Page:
Tasha Ruble shares her experience on many levels: talented dancer and performer, coach at the Big 12 powerhouse, the University of Kansas, and dance team competition judge. She’ll share tips on how to up your team’s game-day experience, how to prepare for and succeed at national competitions, and how to utilize male dance team members effectively. She also has some great advice for coaches just starting out, and for ones that may be feeling a little burnout.
Dividing up the workload: “As far as football games we all had to be present there, but there’s so many basketball games as far as like women’s and men’s basketball games so we did like a rotation. They wouldn’t do every single game because they only allowed 10 on the floor and when I coached we had a team of 20. So you can divide into groups so they don’t get burned out.”
Utilizing a break to work on competition: “We would figure out who our choreographer was going to be and we would have them come in sometime during the football season and they’d be there for a weekend and we’d learn it and then we would just kind of maybe run it at practices just so you remember, but the way we prepped for competition was we would always do nationals it would always fall after Christmas break so on Christmas break we would have a two week all day that you could not miss or else you were out.” The beauty of this was that finals were over, and campus was dead. There were no other distractions. And it was a great team builder.
Coaching the first male team member on a major college team: “It was an interesting experience and he is a great, great guy. He actually is an assistant coach at KU and he has been for a really long time like since he danced there. He tried out and made the team and it was a learning experience. It was just interesting that there there was a guy that had come and tried out and he kind of like blazed the trail. The hard part was finding the balance because the team was really supportive, all the girls rallied around him and everything but it was hard because a lot of the attention or media attention went to him. He was frustrated with that too because he didn’t necessarily want himself to be the focus, all he wanted to do was blend in and be with everybody and be part of a team and that’s what we tried to focus on was being positive, let’s just stay as a team, and and move forward.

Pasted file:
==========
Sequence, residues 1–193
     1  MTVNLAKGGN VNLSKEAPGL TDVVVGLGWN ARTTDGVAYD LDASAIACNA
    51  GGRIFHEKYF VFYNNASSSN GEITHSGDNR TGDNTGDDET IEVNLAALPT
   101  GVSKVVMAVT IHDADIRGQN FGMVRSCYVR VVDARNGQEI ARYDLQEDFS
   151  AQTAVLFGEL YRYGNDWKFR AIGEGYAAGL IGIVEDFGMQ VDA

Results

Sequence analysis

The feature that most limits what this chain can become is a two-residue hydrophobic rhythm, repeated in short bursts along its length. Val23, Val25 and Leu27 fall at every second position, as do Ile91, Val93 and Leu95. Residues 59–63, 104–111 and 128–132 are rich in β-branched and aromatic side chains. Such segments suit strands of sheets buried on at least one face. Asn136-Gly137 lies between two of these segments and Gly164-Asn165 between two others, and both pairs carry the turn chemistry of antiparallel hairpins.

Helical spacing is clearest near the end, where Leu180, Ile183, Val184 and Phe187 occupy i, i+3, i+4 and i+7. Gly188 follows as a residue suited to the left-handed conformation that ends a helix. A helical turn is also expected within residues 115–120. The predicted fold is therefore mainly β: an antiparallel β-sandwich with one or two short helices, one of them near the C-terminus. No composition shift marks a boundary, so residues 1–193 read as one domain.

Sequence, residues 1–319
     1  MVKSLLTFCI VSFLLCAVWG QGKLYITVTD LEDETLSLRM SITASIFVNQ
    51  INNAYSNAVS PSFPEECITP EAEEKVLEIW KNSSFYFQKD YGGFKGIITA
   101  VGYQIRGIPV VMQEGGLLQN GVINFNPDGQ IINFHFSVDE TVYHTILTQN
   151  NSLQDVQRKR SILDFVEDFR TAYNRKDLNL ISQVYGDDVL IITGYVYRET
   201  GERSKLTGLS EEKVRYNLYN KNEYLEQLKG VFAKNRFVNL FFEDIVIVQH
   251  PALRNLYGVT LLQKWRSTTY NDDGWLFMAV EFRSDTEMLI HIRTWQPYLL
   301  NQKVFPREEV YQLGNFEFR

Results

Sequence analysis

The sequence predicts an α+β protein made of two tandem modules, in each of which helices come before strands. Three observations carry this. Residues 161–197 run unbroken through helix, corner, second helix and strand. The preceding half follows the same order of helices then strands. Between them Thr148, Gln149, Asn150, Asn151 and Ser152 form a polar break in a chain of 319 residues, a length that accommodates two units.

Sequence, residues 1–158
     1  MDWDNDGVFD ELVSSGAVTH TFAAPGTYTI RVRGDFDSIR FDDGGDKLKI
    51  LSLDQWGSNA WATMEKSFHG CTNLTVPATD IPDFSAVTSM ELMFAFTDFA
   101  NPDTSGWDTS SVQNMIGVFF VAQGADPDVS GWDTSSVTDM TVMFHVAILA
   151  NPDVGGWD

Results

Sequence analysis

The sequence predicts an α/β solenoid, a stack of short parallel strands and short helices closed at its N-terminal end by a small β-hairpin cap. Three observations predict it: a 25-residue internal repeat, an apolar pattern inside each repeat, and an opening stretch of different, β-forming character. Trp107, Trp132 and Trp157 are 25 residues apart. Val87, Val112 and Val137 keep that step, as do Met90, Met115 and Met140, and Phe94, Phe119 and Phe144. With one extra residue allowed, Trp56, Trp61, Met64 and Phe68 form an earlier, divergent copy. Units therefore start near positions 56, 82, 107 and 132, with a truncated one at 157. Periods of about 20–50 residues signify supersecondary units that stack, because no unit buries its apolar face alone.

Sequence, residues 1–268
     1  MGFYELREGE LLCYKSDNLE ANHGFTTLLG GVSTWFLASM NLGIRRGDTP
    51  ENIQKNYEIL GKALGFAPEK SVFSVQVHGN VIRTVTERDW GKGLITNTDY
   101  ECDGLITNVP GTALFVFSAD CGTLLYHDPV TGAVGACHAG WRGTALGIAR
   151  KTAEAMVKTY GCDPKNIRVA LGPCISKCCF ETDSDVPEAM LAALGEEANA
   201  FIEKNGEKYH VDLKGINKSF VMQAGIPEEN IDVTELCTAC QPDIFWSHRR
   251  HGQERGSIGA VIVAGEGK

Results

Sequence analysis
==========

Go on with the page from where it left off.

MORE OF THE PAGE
The most challenging part of coaching: “I think with my personality the hardest thing is finding the balance of being coach, obviously you grow to care about all of them, and kind of have somewhat of a friendship with them, so that’s hard when you have to be the coach and make decisions that are not favorable. In a way it’s like they’re your kids, everyone makes mistakes, and so that was hard, that was the most challenging, the discipline part.”
Cleaning routines: “I break the routine into sections and then we literally go through every single count and where you’re supposed to be, where your placement is and then you just add on and then you would start at the beginning and we do it in sections and then we would perform it in sections and then we would add on and then sometimes we would not start at the beginning we’d start in the middle. I would have the kids come out too, I would have like half of them stay in and half come out and everybody’s eyes were on somebody. And basically the music would go off and they would go to their person and they just talked over with their person. That whole thing would be positive because they could tell them, ‘You were killing it on that part, I loved it!'”
Her sweetest victory: “I think my sweetest victory is the relationships i made and the way that I affected the dancers. I know there’s a lot of coaches that probably are u like I am the coach, you are the team member, but I maybe overstepped that a little bit, but I still have those people in my life today, and it’s years after.”
Advice for coaches in a rut: “I think that there are those ups and downs with coaching. I knew i loved what i did and I didn’t want to stop doing it, but I knew that in my life, where I was, it was time for me because I had my own kids and it takes a lot of time and devotion to coach. Just reevaluate where you are. Over my years being a coach, I had a lot of ups and downs where i was like, ‘Why am i doing this?’ but then right around the corner there would be a really sweet moment. It’s just like life. Ups and downs, ups and downs, and just hang on, it’ll get better.”
What she says over and over as a judge: “I find myself talking about spacing a lot, but it’s important because as a judge when you’re back you can see any little tiny thing like that. Technique like in turns, your supporting, and then also just dancing. You’re creating a story not just doing the moves, but performing the piece.”
“I wish people would think more about what works for them and expressing that rather than following a trend so much. I feel like a lot of times when I’m judging a competition, I feel like I’m longing to see something different.”
How to find balance: “Just trying to stay positive and wake up every morning and if you’re in a bad mood try to reflect and try to have gratitude and find something to be happy about. There’s always something to be grateful for. Your attitude I think is a huge part of it and you do have control over that.”
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